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CM: Salwa Judum is now over

india Updated: Feb 08, 2011 01:08 IST
Pradip Kumar Maitra
Pradip Kumar Maitra
Hindustan Times
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The Salwa Judum movement has been abandoned, said Chhattisgarh chief minister Raman Singh on Sunday admitting that it had proved to be counterproductive.

Begun in 2005 as a people's resistance movement against the Maoist insurgents in the Bastar region of South Chhattisgarh, Salwa Judum attracted enormous controversy.

"Innocent people were being killed," said Singh, on the sidelines of a function here, explaining the decision.

Singh added, however, that a "peaceful campaign" to wean locals away from supporting Maoists would continue.

With the Maoists carrying out repeated, deadly attacks on the security forces over the past decade, the Salwa Judum movement raised a vigilante squad of around 4,000 tribal youth who were appointed as special police officers (SPOs), given weapons' training by the police and paid a monthly stipend by the government. It was initially Rs 1500, raised later to Rs 2500.

The Congress was as closely associated with Salwa Judum as the ruling BJP, its top leader being Mahendra Karma, a Congress MLA.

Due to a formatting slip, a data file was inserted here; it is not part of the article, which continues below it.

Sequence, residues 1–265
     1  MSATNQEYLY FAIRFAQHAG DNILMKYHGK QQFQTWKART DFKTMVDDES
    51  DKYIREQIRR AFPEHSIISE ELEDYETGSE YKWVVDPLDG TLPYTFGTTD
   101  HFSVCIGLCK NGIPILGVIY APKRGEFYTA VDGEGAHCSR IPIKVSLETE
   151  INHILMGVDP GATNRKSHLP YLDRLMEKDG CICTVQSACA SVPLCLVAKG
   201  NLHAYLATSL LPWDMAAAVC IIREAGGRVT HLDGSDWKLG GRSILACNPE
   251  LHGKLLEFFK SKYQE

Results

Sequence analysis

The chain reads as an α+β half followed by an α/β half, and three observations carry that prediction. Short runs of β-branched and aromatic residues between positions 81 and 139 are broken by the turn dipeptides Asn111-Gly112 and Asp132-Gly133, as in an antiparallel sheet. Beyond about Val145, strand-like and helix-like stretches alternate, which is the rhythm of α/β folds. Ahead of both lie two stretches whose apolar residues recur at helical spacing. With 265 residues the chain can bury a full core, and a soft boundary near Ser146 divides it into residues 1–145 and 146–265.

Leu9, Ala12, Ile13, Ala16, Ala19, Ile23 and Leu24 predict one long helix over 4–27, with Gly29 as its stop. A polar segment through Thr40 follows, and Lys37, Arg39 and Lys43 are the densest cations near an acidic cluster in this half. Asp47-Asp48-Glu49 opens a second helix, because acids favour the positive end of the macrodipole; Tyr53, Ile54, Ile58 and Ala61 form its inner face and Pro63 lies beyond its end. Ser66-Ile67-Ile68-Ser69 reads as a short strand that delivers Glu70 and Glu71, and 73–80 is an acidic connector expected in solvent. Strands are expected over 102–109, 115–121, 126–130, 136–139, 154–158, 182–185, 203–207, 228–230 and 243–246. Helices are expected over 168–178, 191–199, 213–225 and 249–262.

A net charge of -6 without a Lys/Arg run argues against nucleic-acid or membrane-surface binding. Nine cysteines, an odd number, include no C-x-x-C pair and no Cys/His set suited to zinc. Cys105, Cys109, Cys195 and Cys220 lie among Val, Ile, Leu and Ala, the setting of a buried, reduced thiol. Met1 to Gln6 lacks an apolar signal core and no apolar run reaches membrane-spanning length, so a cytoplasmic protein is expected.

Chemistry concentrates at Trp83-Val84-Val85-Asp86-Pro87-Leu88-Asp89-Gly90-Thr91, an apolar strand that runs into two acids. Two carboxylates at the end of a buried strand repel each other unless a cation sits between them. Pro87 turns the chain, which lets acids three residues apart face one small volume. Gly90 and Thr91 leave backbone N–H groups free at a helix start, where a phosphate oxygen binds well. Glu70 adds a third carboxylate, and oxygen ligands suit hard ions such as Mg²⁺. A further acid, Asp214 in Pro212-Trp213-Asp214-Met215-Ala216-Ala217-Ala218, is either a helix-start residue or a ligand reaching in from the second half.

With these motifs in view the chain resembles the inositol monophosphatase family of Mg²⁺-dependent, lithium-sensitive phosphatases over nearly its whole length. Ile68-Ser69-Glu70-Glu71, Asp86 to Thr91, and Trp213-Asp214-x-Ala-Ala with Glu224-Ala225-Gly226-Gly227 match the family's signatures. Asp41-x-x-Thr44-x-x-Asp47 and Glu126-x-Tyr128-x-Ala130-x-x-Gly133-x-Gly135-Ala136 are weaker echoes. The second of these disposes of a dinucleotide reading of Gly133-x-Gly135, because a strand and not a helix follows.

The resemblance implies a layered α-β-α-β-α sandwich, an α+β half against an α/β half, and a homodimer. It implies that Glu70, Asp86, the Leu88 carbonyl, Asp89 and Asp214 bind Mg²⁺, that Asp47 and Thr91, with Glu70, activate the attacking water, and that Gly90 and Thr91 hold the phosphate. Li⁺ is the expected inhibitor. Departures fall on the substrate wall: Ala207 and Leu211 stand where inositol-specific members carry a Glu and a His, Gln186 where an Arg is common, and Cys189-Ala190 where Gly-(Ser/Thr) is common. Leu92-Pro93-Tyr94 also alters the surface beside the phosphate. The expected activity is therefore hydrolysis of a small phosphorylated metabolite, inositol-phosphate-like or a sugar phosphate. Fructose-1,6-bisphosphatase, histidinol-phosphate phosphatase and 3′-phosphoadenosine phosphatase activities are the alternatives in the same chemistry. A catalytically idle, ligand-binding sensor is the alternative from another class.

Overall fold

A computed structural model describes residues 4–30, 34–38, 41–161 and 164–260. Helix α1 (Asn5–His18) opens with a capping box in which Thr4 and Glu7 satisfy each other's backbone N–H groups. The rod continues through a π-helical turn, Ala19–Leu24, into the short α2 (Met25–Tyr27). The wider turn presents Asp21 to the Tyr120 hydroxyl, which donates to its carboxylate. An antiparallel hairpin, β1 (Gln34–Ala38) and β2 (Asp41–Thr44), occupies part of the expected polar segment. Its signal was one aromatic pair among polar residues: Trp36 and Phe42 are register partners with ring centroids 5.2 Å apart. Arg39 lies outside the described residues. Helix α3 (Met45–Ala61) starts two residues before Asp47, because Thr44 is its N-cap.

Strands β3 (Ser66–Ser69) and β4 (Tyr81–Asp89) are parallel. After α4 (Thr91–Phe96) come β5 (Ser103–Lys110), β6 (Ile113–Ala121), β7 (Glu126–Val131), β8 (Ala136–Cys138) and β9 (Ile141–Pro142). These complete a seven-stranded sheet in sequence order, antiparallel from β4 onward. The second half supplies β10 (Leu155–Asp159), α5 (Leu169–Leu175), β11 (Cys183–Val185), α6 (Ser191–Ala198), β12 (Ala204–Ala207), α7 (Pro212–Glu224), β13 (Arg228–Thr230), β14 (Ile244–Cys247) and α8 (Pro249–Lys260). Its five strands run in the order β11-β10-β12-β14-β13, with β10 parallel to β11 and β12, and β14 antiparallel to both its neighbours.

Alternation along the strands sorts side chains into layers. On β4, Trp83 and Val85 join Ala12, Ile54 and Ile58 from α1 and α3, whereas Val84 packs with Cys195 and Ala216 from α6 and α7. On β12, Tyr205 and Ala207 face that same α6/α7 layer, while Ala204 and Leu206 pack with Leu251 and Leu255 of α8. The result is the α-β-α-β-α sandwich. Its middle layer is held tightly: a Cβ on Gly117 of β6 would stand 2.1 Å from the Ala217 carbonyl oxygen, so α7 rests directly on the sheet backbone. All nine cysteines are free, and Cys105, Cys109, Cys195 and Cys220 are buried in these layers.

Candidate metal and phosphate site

But the activities of the vigilante force attracted widespread criticism from civil rights activists. In the battle between the Salwa Judum and the Maoists, around 3 lakh ordinary villagers had to flee their homes for fear of Maoist attacks and were lodged in camps. There are currently 26 such relief camps in the Bastar region.

Salwa Judum volunteers have also had allegations of human rights abuses, rapes and murders made against them. The Supreme Court is also hearing a PIL on the Salwa Judum's legitimacy, and has already dubbed the arming of civilians, as was done here, as illegal.

What is Salwa Judum?
Salwa Judum ('peace march' in the Gond language) began in 2005 in the Bastar region of South Chhattisgarh

With the police unable to prevent attacks from Maoists, the movement aimed to train and arm civilians to take the Maoists on

Villages with Salwa Judum volunteers became targets of the Maoists forcing around 3 lakh people to abandon home and move into relief camps Salwa Judum volunteers were frequently accused of misusing their powers and terrorizing villagers